On the legality of CBN interventions
The Nigerian economy has been in bad shape for some time now. After the collapse in oil prices which started in 2014, the fast growth but non-inclusive growth years transformed into what now looks like a decade of more inclusive non-growth. More inclusive in the sense that most of the economy seems to be heading nowhere with job growth too low to meet new entrants in the labor force, resulting in ever rising unemployment and hunger, and probably rising poverty. The COVID-19 pandemic has exacerbated all these issues but Nigeria should at least be honest enough to accept that the vast majority of challenges were mature before then.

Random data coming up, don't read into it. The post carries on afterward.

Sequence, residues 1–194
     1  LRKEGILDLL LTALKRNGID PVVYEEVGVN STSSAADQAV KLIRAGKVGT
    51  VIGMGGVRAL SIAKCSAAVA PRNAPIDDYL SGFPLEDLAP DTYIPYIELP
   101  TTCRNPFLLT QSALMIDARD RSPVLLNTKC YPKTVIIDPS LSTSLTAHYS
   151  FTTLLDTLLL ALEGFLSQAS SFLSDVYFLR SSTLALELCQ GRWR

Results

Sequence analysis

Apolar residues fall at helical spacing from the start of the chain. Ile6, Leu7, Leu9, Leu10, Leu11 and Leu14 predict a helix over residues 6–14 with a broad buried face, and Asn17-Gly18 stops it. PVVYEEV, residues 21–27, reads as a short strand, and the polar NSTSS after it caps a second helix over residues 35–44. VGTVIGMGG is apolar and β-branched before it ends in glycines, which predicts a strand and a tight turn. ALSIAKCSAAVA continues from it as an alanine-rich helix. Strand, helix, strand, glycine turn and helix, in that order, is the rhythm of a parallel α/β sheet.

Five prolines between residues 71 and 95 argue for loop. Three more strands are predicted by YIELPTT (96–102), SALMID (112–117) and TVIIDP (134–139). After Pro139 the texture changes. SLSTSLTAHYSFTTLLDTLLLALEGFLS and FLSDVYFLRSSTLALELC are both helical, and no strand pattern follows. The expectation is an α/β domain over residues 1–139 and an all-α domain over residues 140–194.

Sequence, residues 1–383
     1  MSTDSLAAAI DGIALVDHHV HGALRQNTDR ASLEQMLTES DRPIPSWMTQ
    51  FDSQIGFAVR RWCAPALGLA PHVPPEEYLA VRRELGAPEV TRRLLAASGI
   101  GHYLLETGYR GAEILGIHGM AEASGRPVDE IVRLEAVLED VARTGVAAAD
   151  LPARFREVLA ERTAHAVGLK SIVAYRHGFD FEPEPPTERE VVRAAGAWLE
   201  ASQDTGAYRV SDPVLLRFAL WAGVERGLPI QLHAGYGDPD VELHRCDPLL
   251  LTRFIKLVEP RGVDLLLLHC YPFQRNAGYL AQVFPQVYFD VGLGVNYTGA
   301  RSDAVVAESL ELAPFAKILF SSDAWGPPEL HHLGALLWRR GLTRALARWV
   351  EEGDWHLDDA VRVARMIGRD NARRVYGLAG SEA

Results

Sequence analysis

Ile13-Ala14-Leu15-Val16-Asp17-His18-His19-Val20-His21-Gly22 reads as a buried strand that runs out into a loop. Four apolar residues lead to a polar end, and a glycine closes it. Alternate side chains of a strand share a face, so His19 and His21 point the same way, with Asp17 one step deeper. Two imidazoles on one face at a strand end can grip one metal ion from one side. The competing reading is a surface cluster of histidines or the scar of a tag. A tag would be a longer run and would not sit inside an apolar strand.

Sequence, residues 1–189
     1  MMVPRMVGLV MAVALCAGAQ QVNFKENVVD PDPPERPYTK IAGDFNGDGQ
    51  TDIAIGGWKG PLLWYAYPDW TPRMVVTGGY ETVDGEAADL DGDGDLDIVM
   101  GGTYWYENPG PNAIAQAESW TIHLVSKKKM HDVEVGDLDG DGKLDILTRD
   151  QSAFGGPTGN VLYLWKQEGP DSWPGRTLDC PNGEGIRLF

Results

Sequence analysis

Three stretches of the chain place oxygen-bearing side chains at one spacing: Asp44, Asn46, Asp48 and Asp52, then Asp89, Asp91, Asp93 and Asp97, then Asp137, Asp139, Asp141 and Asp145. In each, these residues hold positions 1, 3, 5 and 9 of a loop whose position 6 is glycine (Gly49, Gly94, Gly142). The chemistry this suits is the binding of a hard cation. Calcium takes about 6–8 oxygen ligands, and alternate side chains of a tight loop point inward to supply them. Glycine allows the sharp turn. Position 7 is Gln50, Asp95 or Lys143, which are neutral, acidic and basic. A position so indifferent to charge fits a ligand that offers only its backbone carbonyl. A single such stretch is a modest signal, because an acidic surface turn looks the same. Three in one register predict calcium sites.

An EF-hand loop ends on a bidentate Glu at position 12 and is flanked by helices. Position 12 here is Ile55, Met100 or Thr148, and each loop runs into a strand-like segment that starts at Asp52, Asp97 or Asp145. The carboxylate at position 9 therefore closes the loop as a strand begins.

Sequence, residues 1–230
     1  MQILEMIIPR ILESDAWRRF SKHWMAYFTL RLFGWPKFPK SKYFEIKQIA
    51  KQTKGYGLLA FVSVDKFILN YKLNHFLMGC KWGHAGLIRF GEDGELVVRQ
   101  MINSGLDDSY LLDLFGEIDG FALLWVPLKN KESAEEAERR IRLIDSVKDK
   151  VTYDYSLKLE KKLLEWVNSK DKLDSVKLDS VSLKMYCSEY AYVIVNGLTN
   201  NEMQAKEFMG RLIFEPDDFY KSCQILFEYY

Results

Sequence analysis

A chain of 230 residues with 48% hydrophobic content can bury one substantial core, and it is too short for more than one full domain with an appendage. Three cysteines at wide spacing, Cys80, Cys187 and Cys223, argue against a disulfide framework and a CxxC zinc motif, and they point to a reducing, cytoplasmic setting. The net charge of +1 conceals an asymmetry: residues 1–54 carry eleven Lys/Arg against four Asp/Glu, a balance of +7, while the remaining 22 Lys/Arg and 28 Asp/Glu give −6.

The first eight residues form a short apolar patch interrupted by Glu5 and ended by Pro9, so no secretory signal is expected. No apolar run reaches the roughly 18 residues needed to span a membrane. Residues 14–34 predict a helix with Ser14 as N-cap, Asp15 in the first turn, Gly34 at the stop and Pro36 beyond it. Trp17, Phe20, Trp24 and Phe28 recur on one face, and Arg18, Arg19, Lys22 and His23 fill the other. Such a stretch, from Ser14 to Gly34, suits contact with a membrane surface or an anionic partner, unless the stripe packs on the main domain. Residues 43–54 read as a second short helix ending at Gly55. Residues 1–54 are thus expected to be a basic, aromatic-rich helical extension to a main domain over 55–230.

The underlying structural challenge has been present before this decade of crisis: the exposure of the Nigerian economy to crude oil. This exposure has been clear on two fronts, its impact on government revenue and its impact on foreign exchange inflows. The government has been mostly preoccupied with dealing with this exposure. On the fiscal side the strategy has been to keep spending and try to implement revenue reforms. Reforms which have so far not been very successful cue debt sustainability questions. The focus of this article is however on the monetary front which can be simplified as taking actions through direct interventions in the economy to reduce demand for foreign exchange inflows and the use administrative measures to manage that demand. I will argue that these interventions, regardless of their impact, are illegal. But first, two things are needed to understand my argument.